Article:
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01.11.2010 | Symposium: Highlights of the ISOLS/MSTS 2009 Meeting | Ausgabe 11/2010

Clinical Orthopaedics and Related Research® 11/2010

Surgical Management of 121 Benign Proximal Fibula Tumors

Clinical Orthopaedics and Related Research® > Ausgabe 11/2010
MD Matthew P. Abdel, MD, Dsc Panayiotis J. Papagelopoulos, MD Mark E. Morrey, MD Doris E. Wenger, MD Peter S. Rose, MD Franklin H. Sim
Wichtige Hinweise
Each author certifies that he or she has no commercial associations (eg, consultancies, stock ownership, equity interest, patent/licensing arrangements, etc) that might pose a conflict of interest in connection with the submitted article.
Each author certifies that his or her institution has approved the human protocol for this investigation, that all investigations were conducted in conformity with ethical principles of research, and that waiver of informed consent was obtained from our Institutional Review Board given the minimal risk.
This investigation was performed at the Mayo Clinic, Rochester, MN, USA.



Tumors of the fibula comprise only 2.5% of primary bone lesions. Patients with aggressive benign tumors in the proximal fibula may require en bloc resection. Peroneal nerve function, knee stability, and recurrence are substantial concerns with these resections. The incidence and fate of these complications is not well-known owing to the small numbers of patients in previous reports.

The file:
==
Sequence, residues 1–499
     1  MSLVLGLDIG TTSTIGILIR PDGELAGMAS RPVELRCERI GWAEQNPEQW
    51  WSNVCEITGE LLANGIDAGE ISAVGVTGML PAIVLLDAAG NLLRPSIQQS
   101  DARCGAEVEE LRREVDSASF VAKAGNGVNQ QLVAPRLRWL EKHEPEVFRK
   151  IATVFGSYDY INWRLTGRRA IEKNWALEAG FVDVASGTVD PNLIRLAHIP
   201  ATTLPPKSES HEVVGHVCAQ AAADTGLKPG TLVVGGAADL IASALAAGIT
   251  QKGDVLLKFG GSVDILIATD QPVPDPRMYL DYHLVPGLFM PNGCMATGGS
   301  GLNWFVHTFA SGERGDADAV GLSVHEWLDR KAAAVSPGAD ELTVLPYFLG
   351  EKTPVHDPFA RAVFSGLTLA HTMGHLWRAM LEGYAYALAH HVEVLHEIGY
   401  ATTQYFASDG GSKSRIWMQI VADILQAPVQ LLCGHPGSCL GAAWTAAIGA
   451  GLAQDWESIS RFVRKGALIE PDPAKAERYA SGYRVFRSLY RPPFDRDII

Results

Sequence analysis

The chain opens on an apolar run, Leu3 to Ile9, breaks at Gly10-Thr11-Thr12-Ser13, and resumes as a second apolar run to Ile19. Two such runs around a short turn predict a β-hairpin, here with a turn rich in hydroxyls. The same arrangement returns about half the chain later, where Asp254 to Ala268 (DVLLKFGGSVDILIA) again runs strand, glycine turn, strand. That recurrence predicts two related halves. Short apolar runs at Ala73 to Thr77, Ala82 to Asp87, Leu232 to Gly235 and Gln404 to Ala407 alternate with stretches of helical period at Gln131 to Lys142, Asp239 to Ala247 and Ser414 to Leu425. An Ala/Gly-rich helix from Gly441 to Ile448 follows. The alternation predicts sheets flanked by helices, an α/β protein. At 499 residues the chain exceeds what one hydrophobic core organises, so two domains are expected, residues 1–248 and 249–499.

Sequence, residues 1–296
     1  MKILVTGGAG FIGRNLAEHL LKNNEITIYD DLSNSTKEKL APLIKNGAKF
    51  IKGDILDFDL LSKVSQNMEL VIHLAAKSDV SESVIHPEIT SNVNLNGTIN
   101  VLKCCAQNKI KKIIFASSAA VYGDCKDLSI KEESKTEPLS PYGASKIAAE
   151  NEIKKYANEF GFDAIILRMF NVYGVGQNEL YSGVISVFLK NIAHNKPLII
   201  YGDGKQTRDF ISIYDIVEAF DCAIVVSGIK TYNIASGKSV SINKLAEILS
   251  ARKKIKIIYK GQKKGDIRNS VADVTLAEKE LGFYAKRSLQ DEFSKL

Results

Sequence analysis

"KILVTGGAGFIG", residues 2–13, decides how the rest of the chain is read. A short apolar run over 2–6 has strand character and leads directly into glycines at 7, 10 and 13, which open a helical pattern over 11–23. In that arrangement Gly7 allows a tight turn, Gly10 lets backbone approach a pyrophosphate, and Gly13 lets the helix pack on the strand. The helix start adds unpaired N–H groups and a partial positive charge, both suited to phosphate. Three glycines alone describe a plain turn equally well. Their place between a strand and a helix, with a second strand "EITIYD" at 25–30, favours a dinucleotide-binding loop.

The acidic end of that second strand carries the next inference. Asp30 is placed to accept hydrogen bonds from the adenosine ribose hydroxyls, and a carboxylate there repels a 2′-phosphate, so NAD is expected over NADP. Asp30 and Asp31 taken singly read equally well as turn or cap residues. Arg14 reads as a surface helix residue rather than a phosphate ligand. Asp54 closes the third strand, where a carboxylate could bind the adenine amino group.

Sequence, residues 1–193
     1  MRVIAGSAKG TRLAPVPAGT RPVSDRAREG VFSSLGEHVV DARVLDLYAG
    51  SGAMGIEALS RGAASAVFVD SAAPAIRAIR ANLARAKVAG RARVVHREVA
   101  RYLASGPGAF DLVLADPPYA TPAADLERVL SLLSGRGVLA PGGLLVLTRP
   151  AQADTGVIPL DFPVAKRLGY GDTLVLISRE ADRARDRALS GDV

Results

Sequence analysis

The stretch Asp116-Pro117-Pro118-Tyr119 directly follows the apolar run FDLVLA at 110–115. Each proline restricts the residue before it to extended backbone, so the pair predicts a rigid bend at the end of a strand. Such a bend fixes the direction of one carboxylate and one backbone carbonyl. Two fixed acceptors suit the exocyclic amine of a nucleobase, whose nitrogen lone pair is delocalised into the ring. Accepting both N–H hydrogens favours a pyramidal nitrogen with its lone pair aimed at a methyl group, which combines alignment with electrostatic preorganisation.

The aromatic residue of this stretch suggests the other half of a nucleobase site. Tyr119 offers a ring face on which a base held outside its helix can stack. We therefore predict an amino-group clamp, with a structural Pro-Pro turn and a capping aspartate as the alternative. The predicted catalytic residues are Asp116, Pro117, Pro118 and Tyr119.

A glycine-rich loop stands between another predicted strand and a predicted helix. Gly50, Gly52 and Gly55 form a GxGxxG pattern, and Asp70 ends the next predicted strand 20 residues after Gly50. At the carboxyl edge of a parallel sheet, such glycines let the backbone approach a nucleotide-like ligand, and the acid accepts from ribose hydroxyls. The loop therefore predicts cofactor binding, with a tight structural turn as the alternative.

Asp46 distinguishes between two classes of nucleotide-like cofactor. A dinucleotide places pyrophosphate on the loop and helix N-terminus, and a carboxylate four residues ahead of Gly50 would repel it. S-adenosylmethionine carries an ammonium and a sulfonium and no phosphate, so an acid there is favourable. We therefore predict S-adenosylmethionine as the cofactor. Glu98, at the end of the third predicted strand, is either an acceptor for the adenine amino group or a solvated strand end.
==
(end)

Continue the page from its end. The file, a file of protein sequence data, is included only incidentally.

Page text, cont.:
We therefore analyzed the incidence of peroneal nerve palsy, knee stability, and local recurrence following surgical treatment of benign proximal fibula tumors.


We retrospectively reviewed the charts of 120 patients (121 tumors) with histologically confirmed aggressive benign tumors of the proximal fibula. There were 56 males and 64 females with an average age of 24 years (range, 2–64 years). The most common diagnosis was osteochondroma (38%) followed by giant cell tumor (19%). Pain (94%), palpable mass (39%), and peroneal nerve symptoms (12%) were the most common presenting symptoms. Of the 121 tumors, 56 (46%) underwent en bloc resection. The minimum followup was 2 years (mean, 9 years; range 2 to 49 years; median, 7.4 years).


Postoperative complications included nine peroneal nerve palsies (six transient, three permanent), one deep venous thrombosis, and one wound dehiscence. No long-term knee instability was seen with repair of the lateral collateral ligament. Ten patients had recurrences, with 70% of local recurrences occurring in patients who underwent intralesional excision.


Given the higher recurrence rate with curettage, patients with aggressive proximal fibula tumors benefit from en bloc resection. The overall morbidity is low, but postoperative permanent peroneal palsy remains a concern (3%).

Level of Evidence

Level IV, therapeutic study. See Guidelines for Authors for a complete description of levels of evidence.

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